NEW YORK/LONDON (Reuters) - Microsoft snubbed investment banks for its largest deal ever, saving an estimated $25 million to $30 million by not using an adviser on the $8.5 billion takeover of Internet phone service Skype.
Skype’s advisers, Goldman Sachs and JPMorgan, will split about $30 million to $35 million in fees, according to Freeman Consulting.
The world’s largest software company figured buying a private company could be done in-house, particularly one with a lead investor representing the full ownership.
“We thought it made sense to go directly to Silver Lake which is what we did, and that seems to have worked out well,” Microsoft Chief Executive Steve Ballmer told Reuters.
Ballmer said Chief Financial Officer Peter Klein led Microsoft’s dealmaking process for the takeover.
Microsoft has used banks for many of its notable deals in the past. In fact, it has paid out more than $220 million in investment-banking fees since 2000, data and estimates from Thomson Reuters and Freeman show.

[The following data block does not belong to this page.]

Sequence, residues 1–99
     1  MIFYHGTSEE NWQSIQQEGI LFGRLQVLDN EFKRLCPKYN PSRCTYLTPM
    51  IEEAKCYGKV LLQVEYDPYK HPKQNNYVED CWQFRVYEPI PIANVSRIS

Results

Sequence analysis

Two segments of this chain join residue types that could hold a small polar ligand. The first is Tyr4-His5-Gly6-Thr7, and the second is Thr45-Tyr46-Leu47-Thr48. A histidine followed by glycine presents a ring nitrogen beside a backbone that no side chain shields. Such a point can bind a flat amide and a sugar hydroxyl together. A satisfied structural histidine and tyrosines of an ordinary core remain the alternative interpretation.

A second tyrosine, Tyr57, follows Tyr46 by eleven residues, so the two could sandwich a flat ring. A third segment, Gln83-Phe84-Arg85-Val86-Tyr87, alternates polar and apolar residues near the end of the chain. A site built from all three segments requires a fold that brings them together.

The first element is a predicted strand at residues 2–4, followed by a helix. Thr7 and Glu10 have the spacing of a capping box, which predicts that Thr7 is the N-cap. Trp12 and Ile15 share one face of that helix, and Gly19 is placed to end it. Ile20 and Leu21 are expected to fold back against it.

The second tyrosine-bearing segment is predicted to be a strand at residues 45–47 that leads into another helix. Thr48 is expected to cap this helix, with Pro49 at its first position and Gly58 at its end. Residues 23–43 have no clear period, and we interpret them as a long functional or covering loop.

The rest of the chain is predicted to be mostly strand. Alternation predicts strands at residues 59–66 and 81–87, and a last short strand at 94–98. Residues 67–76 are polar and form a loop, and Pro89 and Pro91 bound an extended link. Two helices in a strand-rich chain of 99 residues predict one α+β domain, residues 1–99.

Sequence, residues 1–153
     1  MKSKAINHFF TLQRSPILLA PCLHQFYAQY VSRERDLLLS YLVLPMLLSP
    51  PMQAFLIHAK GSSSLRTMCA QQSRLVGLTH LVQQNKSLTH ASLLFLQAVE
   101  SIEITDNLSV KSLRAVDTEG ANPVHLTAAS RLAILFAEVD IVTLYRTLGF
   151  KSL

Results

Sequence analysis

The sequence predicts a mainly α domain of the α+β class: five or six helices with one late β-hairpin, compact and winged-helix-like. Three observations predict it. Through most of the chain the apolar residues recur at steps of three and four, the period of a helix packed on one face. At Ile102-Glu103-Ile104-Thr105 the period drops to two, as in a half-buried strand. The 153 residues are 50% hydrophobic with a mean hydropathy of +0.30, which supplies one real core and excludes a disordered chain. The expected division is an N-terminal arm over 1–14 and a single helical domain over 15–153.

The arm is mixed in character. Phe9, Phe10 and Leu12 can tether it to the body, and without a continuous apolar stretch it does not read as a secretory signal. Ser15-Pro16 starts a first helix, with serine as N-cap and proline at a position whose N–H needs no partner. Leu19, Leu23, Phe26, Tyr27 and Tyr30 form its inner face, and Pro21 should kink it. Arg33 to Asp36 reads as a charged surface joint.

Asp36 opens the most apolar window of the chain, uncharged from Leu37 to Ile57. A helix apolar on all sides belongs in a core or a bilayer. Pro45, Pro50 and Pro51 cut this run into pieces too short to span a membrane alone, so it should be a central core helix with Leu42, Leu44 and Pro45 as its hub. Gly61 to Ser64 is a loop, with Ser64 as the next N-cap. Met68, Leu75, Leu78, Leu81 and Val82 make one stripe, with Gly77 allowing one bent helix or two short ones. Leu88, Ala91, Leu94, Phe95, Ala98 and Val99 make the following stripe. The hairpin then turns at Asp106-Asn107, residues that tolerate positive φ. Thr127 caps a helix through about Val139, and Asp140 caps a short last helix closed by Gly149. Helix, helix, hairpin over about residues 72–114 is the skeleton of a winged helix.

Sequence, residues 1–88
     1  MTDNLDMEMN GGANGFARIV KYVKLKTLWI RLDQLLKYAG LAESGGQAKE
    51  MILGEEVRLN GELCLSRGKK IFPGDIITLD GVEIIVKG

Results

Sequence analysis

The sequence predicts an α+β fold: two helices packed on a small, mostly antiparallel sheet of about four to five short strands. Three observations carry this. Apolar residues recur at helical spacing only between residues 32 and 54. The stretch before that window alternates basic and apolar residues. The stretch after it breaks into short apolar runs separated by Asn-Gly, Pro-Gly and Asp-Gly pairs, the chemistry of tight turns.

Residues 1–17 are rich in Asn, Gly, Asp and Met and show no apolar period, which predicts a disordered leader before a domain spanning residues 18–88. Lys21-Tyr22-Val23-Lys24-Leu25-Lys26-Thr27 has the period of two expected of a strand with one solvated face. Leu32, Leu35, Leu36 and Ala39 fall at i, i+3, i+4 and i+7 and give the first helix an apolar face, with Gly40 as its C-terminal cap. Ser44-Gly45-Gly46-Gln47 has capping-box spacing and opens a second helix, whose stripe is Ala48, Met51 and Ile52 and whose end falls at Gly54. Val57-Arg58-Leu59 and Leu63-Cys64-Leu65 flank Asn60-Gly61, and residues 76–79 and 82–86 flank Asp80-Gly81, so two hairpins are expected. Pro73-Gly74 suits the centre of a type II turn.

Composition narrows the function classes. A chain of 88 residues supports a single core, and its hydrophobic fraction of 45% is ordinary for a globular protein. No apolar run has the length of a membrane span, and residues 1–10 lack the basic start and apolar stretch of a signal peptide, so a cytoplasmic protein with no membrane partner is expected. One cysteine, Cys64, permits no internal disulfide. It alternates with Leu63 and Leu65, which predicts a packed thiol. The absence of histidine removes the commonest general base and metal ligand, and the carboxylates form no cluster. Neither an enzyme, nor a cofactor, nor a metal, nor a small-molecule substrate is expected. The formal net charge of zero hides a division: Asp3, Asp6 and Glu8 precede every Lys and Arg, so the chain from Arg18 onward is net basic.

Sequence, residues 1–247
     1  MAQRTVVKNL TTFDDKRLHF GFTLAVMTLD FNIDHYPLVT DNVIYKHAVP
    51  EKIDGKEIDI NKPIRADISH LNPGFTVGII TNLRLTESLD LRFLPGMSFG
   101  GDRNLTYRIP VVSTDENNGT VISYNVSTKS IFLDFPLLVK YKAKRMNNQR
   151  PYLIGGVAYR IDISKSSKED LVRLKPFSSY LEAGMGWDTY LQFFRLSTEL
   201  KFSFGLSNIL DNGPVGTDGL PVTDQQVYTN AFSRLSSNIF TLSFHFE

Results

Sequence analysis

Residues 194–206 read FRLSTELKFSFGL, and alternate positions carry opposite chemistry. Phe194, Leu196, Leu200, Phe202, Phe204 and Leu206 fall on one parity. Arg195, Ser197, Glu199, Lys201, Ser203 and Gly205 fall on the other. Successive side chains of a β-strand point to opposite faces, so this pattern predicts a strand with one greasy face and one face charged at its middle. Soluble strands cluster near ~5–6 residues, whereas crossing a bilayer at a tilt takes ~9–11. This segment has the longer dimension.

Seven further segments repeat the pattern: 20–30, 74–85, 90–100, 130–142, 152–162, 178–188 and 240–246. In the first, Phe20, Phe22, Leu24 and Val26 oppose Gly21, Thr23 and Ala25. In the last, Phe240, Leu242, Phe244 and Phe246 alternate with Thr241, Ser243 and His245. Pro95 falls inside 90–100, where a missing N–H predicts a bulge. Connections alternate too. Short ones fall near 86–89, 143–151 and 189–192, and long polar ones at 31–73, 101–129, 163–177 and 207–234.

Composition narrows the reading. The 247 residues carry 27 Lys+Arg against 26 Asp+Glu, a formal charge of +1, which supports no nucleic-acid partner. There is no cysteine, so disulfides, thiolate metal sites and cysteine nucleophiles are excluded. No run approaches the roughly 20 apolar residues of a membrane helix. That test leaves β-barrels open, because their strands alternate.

Lazard, Deutsche Bank and Morgan Stanley have pocketed the biggest fees — more than $40 million, $23 million, and $18 million respectively, the figures show.
For its withdrawn bid for Yahoo! Inc in 2008, worth nearly $45 billion, Microsoft hired Blackstone and Morgan Stanley. A year later, Morgan Stanley was hired again, when the Seattle company sold Razorfish, an ad agency, to Publicis Groupe SA of France for $530 million.
Skype’s banks may have missed out on a bigger payday — Goldman and JPMorgan, alongside Morgan Stanley, had been working on a delayed initial public offering (IPO) that had been expected to raise $1 billion. U.S. IPOs typically pay fees of 5 to 7 percent, or $50 million to $70 million on a $1 billion flotation.
Goldman Sachs and JPMorgan declined to comment.
Reporting by Michael Erman in New York and Quentin Webb in London; additional reporting by Bill Rigby in New York; editing by Derek Caney